Although he was born in Argentina under the real name Héctor Julio Páride Bernabó, few artists have managed to capture as well as Carybé (1911 – 1997) the spirit and effervescence of Brazil. Enamored with the country’s rich culture and its people, the artist spent the second half of his life in Bahia, Brazil’s fourth largest state, using his colorful palette to capture a world of wonder and celebration.
The Death of Alexandrina (1939) is an oil painting completed after Carybé traveled for 6 months across South America, while hired by a newspaper to draw sketches and give reports about the places he was visiting. Once he reached Salvador, the capital city of Bahia, he knew he had found his home. He returned to Bahia two more times before deciding to settle there for good in 1950.
The scene depicted in the painting shows Alexandrina – a young black woman lying down – stabbed, with her abdomen bleeding. Except for a woman leaning down to clean her wounds, everyone else seems indifferent to the situation. Three other people nearby, a young woman, a man and an older woman, are all looking away, in three different directions. High above, like a colorful cloud, Alexandrina’s spirit is floating, signaling her death.
There is a certain rhythm and music to this scene: the boy to the left has a similar body pose to the girl on the right; the young black woman’s tilted head is mirrored by the woman smoking in pink; in the background there are two women thrusting back their hips in similar fashion. There are many other fascinating details about this painting, including the discrepancy between the high life on the hill – with music and servants – and the poverty of the people living down below in shacks.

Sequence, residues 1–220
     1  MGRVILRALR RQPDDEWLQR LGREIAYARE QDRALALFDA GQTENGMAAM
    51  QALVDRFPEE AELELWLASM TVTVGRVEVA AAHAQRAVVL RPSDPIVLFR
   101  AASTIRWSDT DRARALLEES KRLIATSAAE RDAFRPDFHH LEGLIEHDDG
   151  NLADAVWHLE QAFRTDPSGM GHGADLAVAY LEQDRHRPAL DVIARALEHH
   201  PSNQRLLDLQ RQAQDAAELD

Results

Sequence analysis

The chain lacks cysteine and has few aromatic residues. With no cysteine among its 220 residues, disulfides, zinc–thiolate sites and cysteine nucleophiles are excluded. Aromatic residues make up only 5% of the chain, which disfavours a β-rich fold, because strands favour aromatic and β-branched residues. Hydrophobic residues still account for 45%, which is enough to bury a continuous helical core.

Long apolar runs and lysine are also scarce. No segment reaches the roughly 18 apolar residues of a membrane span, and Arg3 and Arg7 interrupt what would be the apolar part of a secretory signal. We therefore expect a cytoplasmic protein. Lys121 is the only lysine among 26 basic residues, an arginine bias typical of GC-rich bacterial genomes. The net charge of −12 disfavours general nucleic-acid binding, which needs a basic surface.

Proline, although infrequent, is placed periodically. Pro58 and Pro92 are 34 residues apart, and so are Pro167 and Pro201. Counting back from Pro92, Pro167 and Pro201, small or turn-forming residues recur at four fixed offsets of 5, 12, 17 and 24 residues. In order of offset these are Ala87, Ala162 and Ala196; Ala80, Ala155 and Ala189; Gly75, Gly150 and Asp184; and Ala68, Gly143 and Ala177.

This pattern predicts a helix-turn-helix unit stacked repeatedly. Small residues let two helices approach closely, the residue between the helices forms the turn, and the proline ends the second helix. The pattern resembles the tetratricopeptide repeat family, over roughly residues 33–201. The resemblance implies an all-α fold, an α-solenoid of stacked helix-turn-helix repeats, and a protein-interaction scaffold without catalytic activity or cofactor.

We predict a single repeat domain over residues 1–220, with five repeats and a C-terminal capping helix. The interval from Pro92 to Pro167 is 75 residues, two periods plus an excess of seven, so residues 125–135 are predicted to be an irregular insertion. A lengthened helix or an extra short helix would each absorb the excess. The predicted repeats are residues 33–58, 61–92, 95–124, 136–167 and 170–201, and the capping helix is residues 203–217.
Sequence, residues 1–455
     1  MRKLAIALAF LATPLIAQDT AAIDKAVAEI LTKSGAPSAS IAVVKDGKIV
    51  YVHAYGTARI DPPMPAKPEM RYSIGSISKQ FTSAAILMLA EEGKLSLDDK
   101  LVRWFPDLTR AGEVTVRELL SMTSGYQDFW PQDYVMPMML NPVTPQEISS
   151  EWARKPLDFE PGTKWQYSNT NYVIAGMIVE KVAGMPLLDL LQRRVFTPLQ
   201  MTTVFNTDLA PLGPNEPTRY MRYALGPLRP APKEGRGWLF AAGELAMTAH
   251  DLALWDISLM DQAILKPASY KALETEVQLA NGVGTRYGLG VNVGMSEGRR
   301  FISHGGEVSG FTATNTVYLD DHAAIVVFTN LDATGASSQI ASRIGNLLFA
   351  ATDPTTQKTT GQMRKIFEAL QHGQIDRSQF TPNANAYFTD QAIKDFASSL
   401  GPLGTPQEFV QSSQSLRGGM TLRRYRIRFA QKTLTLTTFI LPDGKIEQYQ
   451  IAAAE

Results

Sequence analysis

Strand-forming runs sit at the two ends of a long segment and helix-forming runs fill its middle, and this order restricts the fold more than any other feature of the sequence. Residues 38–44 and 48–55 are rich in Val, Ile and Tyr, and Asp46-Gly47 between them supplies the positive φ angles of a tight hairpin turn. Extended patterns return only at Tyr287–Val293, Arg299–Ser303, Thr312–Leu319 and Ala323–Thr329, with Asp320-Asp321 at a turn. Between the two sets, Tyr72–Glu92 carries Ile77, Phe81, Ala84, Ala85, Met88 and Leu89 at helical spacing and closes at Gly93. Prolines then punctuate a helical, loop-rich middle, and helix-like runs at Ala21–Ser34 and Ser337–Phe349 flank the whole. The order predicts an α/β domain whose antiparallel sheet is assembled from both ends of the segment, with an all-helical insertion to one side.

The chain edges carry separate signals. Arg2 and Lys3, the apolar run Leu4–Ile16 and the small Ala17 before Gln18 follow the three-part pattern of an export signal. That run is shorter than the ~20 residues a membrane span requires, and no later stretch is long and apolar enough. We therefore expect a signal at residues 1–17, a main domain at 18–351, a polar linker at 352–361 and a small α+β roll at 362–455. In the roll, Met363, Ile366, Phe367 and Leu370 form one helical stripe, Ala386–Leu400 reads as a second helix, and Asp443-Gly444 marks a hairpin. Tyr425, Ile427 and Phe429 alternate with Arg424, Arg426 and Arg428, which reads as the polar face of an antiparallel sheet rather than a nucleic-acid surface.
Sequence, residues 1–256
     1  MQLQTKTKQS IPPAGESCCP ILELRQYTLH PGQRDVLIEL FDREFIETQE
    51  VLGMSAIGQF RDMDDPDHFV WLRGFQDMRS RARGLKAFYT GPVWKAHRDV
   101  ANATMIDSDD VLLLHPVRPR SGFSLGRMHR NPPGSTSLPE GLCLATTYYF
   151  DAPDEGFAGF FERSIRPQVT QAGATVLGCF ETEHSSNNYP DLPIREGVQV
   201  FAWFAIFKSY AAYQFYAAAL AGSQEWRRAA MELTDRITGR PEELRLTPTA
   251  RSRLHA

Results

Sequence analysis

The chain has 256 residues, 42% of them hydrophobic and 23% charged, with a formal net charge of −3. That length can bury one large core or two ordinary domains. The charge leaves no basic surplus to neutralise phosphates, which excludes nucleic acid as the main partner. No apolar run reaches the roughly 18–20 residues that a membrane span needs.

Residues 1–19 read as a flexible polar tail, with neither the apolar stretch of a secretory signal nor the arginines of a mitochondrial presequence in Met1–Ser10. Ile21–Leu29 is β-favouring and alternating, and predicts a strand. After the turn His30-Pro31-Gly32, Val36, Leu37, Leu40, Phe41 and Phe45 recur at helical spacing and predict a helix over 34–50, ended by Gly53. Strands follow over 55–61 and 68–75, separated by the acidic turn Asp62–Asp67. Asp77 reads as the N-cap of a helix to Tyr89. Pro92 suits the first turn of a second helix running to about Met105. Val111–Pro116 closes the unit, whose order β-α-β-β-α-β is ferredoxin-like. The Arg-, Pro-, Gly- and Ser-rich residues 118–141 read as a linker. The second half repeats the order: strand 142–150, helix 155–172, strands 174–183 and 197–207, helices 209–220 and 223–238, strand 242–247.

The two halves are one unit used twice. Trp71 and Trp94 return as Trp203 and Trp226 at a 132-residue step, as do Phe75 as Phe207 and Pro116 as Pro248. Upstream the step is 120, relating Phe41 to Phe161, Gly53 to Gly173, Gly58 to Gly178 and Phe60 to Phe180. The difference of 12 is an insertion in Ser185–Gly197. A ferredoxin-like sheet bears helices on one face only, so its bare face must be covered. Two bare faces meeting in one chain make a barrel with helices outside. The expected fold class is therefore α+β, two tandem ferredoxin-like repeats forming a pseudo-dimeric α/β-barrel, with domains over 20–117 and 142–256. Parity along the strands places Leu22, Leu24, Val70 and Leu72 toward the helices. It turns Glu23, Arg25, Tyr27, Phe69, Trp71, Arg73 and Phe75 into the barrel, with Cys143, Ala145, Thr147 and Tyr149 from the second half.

It seems that we’re witnessing the scene of a brothel, where one less life is of no consequence. In the 1930s prostitution was rampant in Brazil. Bahia was a region where, due to poverty, many former slaves had to sell their bodies to support themselves. This left a strong impression on Carybé who focused extensively on Afro-Brazilians in his paintings. Fascinated by their culture, history and daily struggles, it didn’t matter whether they were fishermen, prostitutes, launderers, capoeira fighters or priests – they all had a place in his art.